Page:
6. Gave to charity. In lieu of presents, my parents and I give to charities. This year I donated enough to Heifer International to send a young woman to school for a year. I also donated to help support Syrian refugees. I’m fortunate enough to be able to do this.
  7. Drank silly holiday beverages. I drank the controversial Starbucks pumpkin latte (I liked it better with the real pumpkin, but maybe that’s just me) in a controversial Starbucks holiday cup. It was delicious. I also tried some weird chestnut latte thing. I wasn’t as excited.
  8. Made cookies and traditional foods. Friends came over and we baked sugar cookies and decorated them as if we were five. We made our own colored sugar and used it liberally, mixing all the colors together. I also made Latvian piragi like grandma used to make; I made them over Thanksgiving weekend and again for a Winter Solstice party. Yum.
  9. What are the holidays without leaving the house, at least for a little bit? Despite leaving on the afternoon of Christmas Eve, I still encountered airport woes, as my plane was a full two hours late. Thankfully, my friends had come to the airport with me to do some last-minute shopping and so to the bar we went! It was decorated in a strangely, confused festive way.  In the end, I made it to Sacramento to spend Christmas with Dave’s family. Saw movies and the sun! I need to see the sun more often.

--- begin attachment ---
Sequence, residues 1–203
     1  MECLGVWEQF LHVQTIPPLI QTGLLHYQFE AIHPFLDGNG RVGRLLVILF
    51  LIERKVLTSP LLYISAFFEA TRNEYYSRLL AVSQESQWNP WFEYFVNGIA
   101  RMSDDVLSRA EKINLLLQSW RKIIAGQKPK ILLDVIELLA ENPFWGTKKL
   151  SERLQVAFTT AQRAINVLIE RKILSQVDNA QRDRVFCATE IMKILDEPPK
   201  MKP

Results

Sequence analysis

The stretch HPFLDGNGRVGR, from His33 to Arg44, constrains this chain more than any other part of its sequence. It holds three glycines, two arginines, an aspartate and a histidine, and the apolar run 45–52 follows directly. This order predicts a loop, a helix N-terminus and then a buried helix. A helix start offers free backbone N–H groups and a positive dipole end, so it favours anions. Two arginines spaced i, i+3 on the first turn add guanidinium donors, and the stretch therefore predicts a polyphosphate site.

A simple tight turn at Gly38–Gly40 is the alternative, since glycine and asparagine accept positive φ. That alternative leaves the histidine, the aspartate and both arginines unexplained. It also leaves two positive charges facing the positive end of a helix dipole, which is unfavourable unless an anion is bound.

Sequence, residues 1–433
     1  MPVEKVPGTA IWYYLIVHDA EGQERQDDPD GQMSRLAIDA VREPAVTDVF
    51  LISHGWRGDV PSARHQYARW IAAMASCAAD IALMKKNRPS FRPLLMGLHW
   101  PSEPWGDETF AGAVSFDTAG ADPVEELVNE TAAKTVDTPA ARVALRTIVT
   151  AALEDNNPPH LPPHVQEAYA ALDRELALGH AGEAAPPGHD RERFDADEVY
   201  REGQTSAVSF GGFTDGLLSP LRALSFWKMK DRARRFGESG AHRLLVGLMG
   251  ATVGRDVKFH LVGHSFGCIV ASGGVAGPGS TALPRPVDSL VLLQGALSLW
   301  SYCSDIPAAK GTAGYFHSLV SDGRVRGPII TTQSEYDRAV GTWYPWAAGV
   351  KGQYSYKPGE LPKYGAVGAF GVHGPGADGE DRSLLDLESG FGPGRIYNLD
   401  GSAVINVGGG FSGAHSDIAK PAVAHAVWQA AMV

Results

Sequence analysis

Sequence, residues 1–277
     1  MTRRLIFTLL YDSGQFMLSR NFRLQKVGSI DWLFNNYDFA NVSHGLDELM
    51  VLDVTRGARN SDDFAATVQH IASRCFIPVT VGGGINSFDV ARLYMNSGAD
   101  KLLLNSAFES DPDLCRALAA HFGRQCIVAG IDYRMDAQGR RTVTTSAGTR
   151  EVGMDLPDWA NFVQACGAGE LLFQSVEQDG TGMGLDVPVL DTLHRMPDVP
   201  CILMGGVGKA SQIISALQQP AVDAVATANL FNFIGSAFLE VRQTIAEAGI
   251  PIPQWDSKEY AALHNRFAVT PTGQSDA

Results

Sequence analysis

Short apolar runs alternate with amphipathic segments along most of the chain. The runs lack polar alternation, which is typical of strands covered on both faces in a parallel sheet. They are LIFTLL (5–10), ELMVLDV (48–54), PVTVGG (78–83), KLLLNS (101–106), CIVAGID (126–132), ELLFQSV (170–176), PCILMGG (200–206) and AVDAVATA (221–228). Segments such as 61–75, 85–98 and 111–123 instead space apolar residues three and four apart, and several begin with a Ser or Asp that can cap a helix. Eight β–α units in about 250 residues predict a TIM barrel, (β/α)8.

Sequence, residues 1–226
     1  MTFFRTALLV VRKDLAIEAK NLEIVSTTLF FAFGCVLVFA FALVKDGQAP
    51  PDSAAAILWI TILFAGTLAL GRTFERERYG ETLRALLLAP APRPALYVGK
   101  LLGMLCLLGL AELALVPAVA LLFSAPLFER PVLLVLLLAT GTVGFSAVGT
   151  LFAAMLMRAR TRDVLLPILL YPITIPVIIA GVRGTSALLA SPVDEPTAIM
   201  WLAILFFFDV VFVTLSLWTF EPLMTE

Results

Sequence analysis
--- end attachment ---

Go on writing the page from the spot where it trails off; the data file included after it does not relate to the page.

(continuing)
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    Strange bar decor.

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    Sun and palm trees in Sacramento. Hooray!

  10. Went to lots of parties. How did this happen? My social calendar was full of house gatherings complete with silly gift exchanges, laughter, yummy food and drink, and connection. I have a ton of outgoing friends who are warm enough to open their doors to others. So much fun – thanks to all of you for hosting and thinking of me when creating your guest lists.
    Peacock Lane party 2
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Good things that happened today

I went to bed, and woke up with, the worst headache I’ve ever had, and went to work anyway. A colleague brought me some Advil, and then went out to get me some more.